We've been spoiled by the latest and greatest graphics, sound direction, and innovations in gaming. Don't get me wrong. I love seeing exactly where my bullet entered that poor sap's head and being able to see the exit wound. Who doesn't? I also love being fully immersed in some of the most gorgeous environments I've seen this side of Okami.
Still, I've got it bad for the retro aesthetic. I appreciate any title that takes us back to the classics, the days of 8-bit, 16-bit, and 32-bit art. The systems I grew up with. These games put their own unique modern spin on what otherwise resembles games from our childhood, and these five are some of the best examples that represent the essence of retro meeting today's generation of gaming.
This indie offering from Final Form Games is a surprisingly deep side-scrolling shooter with lush, colorful environments and plenty of spunk. Its 16-bit art style is, of course, the main reason for its inclusion in this list. Just look at it! The manic shooter presents an alternate steampunk history where Mars is actually a British colony, contested by the Martians and the Spanish. It's a little far-fetched, that's for sure, but that's definitely part of its charm. Its pixel-perfect 2D art and sweeping soundtrack work inharmony to ensure Jamestown remains firmly lodged in your memory as one of the best modern examples of retro gaming out there.
Retro Game Challenge
Who would have thought that a Nintendo DS adaptation of a real television show (Retro Game Master/Game Center CX) would be such a big hit? I would have if you told me it would include parodies of classic games and genres I grew up with, each with its own aesthetic that matches the game at hand. Guadia Quest is a fully-featured RPG reminiscent of Dragon Quest or Final Fantasy, and Robot Ninja Haggle Man, in all its weirdness, is obviously a nod to Mega Man, in looks and in its tongue-in-cheek title. These miniature fictional games created especially for use in the game are even featured in "Game Fan Magazine," with tips, tricks, and features just like in the real world. If it's not a part of your DS library already, it certainly needs to be.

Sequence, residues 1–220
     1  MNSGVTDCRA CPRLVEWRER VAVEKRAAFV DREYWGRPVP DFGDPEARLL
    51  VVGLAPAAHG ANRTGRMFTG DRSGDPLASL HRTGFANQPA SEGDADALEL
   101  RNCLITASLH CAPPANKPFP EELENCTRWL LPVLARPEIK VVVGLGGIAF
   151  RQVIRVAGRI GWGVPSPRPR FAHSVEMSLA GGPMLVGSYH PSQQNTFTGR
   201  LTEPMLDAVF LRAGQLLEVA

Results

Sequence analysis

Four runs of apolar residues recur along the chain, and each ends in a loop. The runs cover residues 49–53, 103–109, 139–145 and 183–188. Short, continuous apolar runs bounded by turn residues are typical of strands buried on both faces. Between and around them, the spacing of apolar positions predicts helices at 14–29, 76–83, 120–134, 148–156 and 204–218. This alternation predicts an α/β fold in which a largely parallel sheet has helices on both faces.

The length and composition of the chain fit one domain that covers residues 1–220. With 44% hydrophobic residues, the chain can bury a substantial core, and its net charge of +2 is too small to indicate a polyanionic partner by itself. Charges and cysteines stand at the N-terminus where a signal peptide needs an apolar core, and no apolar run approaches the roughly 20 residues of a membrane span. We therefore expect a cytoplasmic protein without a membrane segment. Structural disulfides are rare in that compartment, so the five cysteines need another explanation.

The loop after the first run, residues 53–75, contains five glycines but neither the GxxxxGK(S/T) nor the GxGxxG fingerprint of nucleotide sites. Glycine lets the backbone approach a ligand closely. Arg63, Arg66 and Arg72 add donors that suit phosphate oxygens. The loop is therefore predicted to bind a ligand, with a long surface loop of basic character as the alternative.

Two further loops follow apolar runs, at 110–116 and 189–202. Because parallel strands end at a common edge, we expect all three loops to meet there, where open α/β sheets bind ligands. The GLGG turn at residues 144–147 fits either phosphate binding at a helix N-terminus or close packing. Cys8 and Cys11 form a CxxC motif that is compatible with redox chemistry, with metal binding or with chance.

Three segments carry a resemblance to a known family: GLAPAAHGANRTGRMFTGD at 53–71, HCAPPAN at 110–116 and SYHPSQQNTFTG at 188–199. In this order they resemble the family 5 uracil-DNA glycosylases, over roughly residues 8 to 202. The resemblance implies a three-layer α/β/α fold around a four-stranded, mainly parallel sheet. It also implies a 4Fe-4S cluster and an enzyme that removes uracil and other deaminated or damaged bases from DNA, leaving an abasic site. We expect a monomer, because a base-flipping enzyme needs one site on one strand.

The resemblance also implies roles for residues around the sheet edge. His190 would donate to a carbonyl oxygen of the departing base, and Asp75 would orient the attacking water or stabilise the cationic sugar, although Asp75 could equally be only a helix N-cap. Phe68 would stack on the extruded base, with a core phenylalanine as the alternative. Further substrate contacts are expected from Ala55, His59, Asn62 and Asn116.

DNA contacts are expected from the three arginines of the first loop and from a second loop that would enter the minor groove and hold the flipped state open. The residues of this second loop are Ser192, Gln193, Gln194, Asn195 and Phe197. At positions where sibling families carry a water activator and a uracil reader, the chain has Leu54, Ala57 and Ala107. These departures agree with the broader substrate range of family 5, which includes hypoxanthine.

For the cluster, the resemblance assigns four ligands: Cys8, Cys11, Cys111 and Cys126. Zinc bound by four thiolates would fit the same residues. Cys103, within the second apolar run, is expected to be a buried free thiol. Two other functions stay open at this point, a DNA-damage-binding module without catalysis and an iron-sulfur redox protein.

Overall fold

Scott Pilgrim Vs. The World: The Game
Like the comics and movie from where this violent rainbow sugar rush of a side-scrolling beat-em-up came, Scott Pilgrim vs. The World: The Game relies on old-school gaming sensibilities and cheeky gaming references. It creates one of the better and more enjoyable book/movie tie-ins of all time. Its vibrant sprites, courtesy of Paul Robertson (if you're not familiar with his work, you should be) are excellent representations of the iconic characters and lend a decidedly awesome retro-tastic feel that captures the spirit of each protagonist very well. From the side-scrolling combat to the chiptunes from none other than Anamanaguchi, the entire game oozes classic style. Maybe we'll actually be able to purchase it again soon.
Music/rhythm gaming and colorful pixel art clash in the BIT.TRIP games, which made their debut as WiiWare back in 2009. Don't let its simple presentation fool you: it might be similar to Pong, but there's much more at work here. Each game builds off the previous with a different style of play, all revolving around the music and the signature 8-bit visuals. Think rainbow-bright neon visuals and thumping electronica accompanying you and your paddle on-screen, synesthesia taking over, and guiding your hand. It's an experience like no other, and a throwback you'll want to take a look at – especially if you're new to the franchise.